September’s cool nights and bluebird sunny skies push the impetus for baitfish schools to start getting busy on their migratory pattern, and with them, so come the sportfish. In my opinion, this is one of the top months simply to be outside on the saltwater to enjoy the cooling weather with fantastic fishing opportunities. For regulation changes this month, summer flounder season closes in NJ on September 19th and black sea bass season is now closed until it reopens again on October 8th. Now onto the reports.
Water temps in the big bay got downright volcanic last month as they broke the 81 degree mark and higher on some days and that kind of heat really quelled a lot of the bay fishing. Now that September is here, there should be a cool down of sorts and that should put any blues or bass in the area on the feed again. Night time trips out drifting eels at Flynn’s Knoll or Swash Channel could find linesiders hanging around. Most importantly, Raritan Bay shines now as a top doormat fluke spot as the flatfish hunker down in the deeper channels as they stage to make their migratory move out toward the Continental shelf. Work over the areas at Ambrose Channel Chapel Hill Channel and out at the Sticks where water depths can reach 75 to 80 feet. I would drift with fishfinder slide rigs, heavier weights like 6 to 10 ounces and long strip baits of salmon, albacore or fluke belly. An odd fishery you can try for in the bay is blackfishing, especially around the rocks at Romer Shoal light and West Bank lighthouse. Tog have pushed back into the bay waters and can be caught on green crabs or white legger crabs in the rocky structures. It’s something different, so why not give it a try!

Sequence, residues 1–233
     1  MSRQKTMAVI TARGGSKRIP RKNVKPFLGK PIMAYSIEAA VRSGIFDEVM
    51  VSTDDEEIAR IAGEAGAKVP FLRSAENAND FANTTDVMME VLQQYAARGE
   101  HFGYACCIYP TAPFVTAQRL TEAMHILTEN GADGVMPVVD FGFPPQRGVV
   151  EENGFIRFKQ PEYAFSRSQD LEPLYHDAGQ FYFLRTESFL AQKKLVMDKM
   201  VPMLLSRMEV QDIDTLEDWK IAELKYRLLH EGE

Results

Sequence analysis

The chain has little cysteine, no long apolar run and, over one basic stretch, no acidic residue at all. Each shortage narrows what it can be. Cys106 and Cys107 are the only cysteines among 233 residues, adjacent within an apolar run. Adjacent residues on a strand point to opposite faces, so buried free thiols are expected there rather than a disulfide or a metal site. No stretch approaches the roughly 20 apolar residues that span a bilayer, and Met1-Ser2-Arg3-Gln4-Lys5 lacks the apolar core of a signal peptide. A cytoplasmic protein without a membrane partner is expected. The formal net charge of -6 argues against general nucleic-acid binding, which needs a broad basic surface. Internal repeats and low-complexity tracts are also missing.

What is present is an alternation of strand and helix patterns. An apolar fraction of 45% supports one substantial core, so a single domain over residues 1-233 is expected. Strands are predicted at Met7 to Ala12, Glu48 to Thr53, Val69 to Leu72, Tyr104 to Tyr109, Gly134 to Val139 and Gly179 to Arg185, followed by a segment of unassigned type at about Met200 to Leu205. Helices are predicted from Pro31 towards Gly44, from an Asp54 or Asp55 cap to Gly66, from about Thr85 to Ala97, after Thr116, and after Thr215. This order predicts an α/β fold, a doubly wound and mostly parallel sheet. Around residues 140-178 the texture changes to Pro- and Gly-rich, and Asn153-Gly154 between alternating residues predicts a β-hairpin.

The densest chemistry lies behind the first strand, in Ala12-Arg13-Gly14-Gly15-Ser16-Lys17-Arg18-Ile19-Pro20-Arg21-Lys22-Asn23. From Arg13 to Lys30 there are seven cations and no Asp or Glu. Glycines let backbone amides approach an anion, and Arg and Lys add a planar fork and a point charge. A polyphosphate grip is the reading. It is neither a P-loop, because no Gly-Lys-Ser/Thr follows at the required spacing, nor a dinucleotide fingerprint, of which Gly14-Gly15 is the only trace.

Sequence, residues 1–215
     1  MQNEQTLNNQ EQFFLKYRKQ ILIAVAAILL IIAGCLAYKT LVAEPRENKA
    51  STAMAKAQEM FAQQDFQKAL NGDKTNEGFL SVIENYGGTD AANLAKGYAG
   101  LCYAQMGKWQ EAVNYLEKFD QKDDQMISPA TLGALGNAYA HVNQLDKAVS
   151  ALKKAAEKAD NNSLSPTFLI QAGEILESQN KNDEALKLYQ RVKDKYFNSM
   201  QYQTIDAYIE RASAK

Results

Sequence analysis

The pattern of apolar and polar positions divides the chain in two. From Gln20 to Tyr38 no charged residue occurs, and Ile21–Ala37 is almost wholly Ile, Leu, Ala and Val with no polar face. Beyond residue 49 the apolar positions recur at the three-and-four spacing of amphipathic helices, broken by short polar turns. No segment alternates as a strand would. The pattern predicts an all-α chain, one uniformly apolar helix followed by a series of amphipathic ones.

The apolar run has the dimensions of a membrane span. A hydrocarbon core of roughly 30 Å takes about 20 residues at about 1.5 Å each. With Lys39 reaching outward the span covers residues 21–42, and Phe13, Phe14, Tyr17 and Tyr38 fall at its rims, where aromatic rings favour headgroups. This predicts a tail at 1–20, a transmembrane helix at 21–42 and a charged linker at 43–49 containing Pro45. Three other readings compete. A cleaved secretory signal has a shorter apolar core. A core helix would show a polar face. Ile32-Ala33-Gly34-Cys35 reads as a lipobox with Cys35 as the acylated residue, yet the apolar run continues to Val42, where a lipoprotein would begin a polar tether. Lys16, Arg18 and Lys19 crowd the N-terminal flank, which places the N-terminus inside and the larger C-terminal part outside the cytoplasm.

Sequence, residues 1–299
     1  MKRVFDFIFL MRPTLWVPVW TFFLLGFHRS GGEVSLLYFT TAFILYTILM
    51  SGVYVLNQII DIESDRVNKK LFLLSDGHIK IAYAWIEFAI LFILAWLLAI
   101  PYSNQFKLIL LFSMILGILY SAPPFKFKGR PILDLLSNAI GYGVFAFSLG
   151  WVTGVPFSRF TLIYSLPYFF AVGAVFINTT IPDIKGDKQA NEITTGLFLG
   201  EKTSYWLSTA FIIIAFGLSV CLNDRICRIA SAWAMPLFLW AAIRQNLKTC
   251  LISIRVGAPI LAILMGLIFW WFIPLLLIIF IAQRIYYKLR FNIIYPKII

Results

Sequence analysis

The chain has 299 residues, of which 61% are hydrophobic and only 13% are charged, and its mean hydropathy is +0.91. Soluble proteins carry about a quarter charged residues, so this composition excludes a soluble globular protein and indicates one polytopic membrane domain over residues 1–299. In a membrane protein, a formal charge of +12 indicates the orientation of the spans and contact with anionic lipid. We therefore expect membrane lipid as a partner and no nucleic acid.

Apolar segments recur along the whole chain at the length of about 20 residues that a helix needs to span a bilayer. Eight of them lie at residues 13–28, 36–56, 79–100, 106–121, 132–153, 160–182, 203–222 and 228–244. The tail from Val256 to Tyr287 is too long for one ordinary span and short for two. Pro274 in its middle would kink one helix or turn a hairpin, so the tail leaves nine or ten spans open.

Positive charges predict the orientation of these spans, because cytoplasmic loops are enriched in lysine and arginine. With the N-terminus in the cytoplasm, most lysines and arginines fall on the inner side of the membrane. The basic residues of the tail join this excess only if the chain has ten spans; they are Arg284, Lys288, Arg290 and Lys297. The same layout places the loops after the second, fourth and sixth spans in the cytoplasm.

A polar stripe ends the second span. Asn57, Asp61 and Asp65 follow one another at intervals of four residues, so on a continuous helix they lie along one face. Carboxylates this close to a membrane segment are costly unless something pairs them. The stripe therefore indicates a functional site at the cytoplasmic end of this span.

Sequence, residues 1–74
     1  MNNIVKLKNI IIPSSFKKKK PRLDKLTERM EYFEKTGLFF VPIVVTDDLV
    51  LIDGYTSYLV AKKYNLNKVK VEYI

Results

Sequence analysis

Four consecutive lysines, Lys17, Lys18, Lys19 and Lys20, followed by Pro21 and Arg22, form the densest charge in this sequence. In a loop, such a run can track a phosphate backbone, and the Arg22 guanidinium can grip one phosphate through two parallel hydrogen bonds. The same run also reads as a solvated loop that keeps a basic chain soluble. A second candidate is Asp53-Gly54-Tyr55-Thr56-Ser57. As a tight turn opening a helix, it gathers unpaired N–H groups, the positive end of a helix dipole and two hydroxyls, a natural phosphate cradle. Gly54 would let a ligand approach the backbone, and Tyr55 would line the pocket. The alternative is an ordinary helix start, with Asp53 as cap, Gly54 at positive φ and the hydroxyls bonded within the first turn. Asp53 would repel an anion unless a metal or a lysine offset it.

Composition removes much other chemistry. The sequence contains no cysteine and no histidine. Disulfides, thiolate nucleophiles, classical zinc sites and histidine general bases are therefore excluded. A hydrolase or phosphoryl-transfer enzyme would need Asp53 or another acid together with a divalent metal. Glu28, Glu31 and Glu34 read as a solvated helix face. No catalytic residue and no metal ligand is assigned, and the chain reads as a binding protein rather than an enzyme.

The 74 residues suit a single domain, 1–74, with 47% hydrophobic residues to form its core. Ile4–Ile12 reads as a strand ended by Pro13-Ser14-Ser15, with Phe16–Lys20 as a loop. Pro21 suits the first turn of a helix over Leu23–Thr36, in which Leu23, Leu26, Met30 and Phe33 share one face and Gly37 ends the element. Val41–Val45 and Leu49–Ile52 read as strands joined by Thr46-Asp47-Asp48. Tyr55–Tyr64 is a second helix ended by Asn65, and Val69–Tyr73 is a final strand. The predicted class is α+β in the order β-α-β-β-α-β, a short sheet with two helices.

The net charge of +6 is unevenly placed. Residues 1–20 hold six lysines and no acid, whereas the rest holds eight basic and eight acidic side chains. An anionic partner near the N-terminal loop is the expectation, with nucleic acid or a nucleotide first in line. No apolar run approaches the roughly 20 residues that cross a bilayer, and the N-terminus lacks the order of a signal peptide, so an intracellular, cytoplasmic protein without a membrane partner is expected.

Let’s start off down deep. Ling fishing was lights out through the summer months as baseball bat caliber barbell chinned beasties were inhaling Gulp! baits and small bits of clam at spots along the edge of the Mud Hole as well as inshore more at the Sandy Hook Reef, Klondike and scattered wrecks in the 65 to 90 foot depths. That fishery should continue on through September, plus you should start seeing poke chop porgies colonizing the structure piles at 17 Fathoms, The Farms and other local rockpiles in that same water depth. Fluke fishing was pretty hot if you could find the packs as they clustered up. On any given day, spots switched hot or cold at the Sea Girt Reef, Elberon Rocks, Shrewsbury Rocks, Long Branch lumps and the like. It was all a matter of picking the right day at the right time. Fluking should gravitate out to the 55 to 85 foot depths this month, so try out further firs, then work your way in to find the bunches. Speedsters in the form of bonito and false albacore should really be making a run through the area, sometimes within surfcasting distance, but mainly from right outside the Manasquan Inlet and Shark Inlet out to about 5 miles. You can troll Clark spoons and small feathers to get covered up by the schools or watch for bird play to cast and blast them with poppers, flies and metals. Schools will be zooming anywhere from Shrewsbury and the Highlands down through Spring Lake and Manasquan.